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Chemistry World August 2011
Chemistry World Podcast
01.33: Rollerball writes electronics straight to paper
3.30: Dinosaur smile reveals secret to staying cool
6.05: Julie Forman-Kay reveals that disordered, unfolded proteins are much more functional and much more common than previously thought
13.00: Cells turned into living lasers with fluorescent protein
15.27: A cool way to store hydrogen?
17.59: Peter Wilde talks about how we digest fat and how that can be applied to designer foods that make you feel fuller and help absorb more vital nutrients.
24.02 Chatty nanoparticles signal the attack on tumours
27.30 Making smell-o-vision a reality using a polymer matrix
30.23: Trivia - What connects fishing with photosynthesis?
Read more about this month's stories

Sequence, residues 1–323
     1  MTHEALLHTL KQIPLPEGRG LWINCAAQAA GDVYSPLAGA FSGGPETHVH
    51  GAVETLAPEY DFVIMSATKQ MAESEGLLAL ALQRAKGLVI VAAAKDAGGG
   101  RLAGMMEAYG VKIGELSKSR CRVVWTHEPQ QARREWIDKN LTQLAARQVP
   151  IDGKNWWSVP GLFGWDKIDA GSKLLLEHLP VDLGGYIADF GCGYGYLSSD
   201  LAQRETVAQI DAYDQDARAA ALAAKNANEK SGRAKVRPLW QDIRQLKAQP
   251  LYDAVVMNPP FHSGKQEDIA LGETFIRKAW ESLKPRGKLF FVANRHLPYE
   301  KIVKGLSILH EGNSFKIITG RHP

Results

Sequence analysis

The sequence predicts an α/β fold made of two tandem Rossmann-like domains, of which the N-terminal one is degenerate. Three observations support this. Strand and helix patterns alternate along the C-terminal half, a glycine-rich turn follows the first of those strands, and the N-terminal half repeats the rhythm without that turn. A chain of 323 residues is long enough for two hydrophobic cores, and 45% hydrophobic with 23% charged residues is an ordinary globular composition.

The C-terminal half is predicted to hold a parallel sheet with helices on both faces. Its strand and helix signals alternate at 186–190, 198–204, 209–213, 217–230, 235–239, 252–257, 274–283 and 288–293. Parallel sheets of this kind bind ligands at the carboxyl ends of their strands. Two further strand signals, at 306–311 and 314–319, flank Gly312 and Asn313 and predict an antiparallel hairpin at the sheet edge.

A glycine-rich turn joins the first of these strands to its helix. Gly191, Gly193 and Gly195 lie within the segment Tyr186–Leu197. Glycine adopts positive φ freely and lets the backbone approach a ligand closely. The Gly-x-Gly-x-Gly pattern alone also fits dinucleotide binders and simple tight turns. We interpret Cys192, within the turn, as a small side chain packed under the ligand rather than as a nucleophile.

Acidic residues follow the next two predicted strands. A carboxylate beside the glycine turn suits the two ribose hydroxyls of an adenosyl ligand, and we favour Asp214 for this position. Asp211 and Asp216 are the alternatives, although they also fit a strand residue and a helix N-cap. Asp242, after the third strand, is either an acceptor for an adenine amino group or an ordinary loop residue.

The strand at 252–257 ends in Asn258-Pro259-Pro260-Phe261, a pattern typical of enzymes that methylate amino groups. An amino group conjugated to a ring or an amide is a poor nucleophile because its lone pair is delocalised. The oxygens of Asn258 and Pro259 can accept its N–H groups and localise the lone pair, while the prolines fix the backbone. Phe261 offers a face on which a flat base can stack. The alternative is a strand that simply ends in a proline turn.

27 June 2011
Pen-on-paper electronics approach developed by US researchers could make for cheap, flexible and disposable devices
23 June 2011
A novel technique based on rare isotopes in fossilised teeth sheds light on dinosaur body temperatures
15 years ago, the idea that proteins might be functional without a well-ordered 3D structure was heretical. But Michael Gross discovers, a little flexibility can go a long way
13 June 2011
Physicists have made a laser that uses a fluorescent cell as the gain medium to amplify the light beam
28 June 2011
Forget MOFs and carbon nanotubes - perhaps the best way to store hydrogen is already sitting in the freezer compartment
Controlling the microscopic structure of foods could make diet products that help you feel fuller for longer. Emma Davies gets her teeth into some edible colloids
20 June 2011
Nanoparticles that communicate with one another can work together to deliver large doses of drugs to tumour cells
21 June 2011
A polymer matrix that can release odours on command could enhance the cinematic or virtual reality experience
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Stick man fishing in journal diagram
See the fisherman from Josh's trivia
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